26 Jul 2013

Teach your kids the one thing necessary

Are you teaching your kids to do mental prayer? I’ve written about this in the past with a few examples  of kids’ meditations. Today I’m sharing with you a meditation for kids about… mental prayer.

You may want to print this out.

File:Georg Friedrich Stettner (attr) Christus im Hause der Martha.jpg

1. Read aloud to your children Luke 10:38-42, using your favorite children’s Bible. This is the Gospel from last Sunday, so they should recognize it.

2. Study the painting above. (It’s Christ in the House of Martha and Mary, attributed to Georg Friedrich Stettner). Ask them to identify the people in the painting. Discuss the painting in this manner: “Martha and Mary are both holding something. What do you think those objects are? What does each represent? (Mary is reading the Bible. This represents meditating on Sacred Scripture. Martha is holding a duck, symbolizing being busy with household tasks.) Who are the other people in the picture? What are they doing? How many people appear to have been listening to Jesus? (Only Mary does.) Does Mary look disturbed by what Martha is saying? (No, she looks peaceful.)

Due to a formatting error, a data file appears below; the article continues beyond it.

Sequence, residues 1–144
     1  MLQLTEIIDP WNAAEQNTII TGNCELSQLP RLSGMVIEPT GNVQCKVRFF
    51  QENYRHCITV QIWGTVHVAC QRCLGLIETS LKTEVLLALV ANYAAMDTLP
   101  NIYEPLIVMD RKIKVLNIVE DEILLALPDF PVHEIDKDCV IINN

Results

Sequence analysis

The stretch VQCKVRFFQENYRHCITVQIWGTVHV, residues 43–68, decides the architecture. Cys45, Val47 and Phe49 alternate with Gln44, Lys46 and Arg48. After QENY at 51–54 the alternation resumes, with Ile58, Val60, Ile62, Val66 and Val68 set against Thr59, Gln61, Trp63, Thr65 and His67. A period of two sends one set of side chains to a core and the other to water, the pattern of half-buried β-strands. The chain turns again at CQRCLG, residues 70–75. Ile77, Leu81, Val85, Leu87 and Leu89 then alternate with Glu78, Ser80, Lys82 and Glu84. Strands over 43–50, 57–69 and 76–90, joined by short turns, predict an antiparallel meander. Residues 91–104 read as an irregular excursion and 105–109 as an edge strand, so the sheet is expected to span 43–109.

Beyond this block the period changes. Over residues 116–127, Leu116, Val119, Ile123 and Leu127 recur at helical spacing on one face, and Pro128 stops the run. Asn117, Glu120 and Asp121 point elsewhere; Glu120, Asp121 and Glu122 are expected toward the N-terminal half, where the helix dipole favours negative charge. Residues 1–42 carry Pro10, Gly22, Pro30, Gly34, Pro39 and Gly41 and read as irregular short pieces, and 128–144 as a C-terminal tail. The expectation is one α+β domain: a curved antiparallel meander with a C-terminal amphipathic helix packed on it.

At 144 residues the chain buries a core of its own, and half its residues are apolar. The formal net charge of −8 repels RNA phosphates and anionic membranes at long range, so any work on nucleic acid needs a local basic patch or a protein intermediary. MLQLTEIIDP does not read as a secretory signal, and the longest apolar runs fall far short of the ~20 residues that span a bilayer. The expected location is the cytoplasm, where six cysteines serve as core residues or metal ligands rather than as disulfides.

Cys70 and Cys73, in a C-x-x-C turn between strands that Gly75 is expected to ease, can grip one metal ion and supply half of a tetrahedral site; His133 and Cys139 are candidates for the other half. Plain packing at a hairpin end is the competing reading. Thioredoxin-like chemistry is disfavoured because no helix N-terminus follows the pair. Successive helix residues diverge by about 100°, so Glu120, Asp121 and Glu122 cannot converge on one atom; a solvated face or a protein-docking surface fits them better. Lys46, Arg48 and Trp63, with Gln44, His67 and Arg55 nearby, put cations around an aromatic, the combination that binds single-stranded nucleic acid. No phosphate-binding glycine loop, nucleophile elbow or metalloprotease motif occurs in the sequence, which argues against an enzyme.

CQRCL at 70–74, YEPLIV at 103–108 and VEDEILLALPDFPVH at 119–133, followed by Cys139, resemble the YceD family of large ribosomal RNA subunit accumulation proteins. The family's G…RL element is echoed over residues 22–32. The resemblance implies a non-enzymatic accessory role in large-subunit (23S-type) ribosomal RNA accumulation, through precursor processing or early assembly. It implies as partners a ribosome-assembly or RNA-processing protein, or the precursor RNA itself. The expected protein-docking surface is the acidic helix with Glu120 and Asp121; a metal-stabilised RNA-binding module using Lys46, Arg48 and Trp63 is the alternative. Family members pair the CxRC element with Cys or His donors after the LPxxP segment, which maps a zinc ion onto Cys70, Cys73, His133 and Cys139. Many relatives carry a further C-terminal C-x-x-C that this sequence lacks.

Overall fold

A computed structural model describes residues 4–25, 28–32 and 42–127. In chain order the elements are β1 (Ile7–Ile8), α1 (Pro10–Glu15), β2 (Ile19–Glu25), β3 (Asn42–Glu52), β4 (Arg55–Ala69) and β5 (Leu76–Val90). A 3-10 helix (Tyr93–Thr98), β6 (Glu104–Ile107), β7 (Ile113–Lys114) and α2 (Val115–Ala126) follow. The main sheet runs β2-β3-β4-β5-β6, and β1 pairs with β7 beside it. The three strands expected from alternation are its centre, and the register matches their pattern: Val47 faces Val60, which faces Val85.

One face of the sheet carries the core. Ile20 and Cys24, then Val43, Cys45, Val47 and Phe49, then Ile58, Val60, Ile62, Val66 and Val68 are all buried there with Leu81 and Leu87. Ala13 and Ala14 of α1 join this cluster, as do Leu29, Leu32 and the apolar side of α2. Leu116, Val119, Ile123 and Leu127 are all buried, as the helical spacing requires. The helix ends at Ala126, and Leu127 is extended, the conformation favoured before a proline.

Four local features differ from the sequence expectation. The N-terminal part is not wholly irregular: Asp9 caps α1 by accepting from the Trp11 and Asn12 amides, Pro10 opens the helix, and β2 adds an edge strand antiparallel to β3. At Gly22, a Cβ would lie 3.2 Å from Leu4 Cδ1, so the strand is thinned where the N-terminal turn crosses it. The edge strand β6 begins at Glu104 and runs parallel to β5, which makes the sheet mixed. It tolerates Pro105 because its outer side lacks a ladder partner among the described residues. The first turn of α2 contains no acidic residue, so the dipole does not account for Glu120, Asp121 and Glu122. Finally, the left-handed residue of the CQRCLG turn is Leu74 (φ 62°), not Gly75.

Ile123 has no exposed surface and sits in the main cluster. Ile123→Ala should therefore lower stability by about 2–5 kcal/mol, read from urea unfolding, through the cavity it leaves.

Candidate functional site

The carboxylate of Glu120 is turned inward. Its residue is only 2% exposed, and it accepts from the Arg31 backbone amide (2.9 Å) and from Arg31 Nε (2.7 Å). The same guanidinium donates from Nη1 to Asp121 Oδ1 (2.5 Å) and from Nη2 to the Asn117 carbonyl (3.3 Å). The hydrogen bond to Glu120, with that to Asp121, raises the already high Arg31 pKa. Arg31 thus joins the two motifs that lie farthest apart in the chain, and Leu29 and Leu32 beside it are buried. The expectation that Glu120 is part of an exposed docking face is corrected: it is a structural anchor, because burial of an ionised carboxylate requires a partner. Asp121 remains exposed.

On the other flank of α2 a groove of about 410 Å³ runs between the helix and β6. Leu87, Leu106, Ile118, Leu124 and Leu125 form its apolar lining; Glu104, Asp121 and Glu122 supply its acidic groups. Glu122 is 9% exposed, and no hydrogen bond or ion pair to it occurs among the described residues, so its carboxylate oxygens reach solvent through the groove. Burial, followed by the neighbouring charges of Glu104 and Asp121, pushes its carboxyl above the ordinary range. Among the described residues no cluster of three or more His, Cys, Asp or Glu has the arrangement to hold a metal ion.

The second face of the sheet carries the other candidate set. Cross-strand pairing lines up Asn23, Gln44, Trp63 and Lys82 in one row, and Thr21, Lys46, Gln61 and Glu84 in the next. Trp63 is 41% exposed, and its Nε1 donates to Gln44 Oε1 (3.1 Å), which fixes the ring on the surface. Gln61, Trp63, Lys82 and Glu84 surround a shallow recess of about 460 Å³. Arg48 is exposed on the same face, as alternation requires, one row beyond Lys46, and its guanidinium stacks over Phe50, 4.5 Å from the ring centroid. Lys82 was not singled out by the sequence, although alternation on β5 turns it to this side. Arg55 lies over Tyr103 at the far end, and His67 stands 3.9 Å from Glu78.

3. Discuss: Why do you think the artist filled the foreground of the picture with food? (To show how much work Martha had to do or had been doing.) Do you think Martha was doing something important? (Yes, Jesus and His disciples needed to eat.) What could she have done differently so she could sit and listen to Jesus too? (She could have made a simpler meal.)

4. Remind your children of the Feeding of the 5000. How much food did Jesus need to feed all those people? (5 loaves of bread and 2 fish.) Do you think Martha needed to work all day to cook for Jesus? (Probably not, because He could have fed them miraculously, as He had done before.) Why do you think Martha was working so hard? (She was probably trying to show Jesus how much she loved Him by making Him a great meal.)


Continue reading at  Contemplative Homeschool.

14 May 2013

If God is willing...



" Come now, you who say, 'Today or tomorrow we will go into such and such a town and spend a year there and trade and get gain'; whereas you do not know about tomorrow. What is your life? For you are a mist that appears for a little time and then vanishes. Instead you ought to say, 'If the Lord wills, we shall live and we shall do this or that'" (James 4:13-15).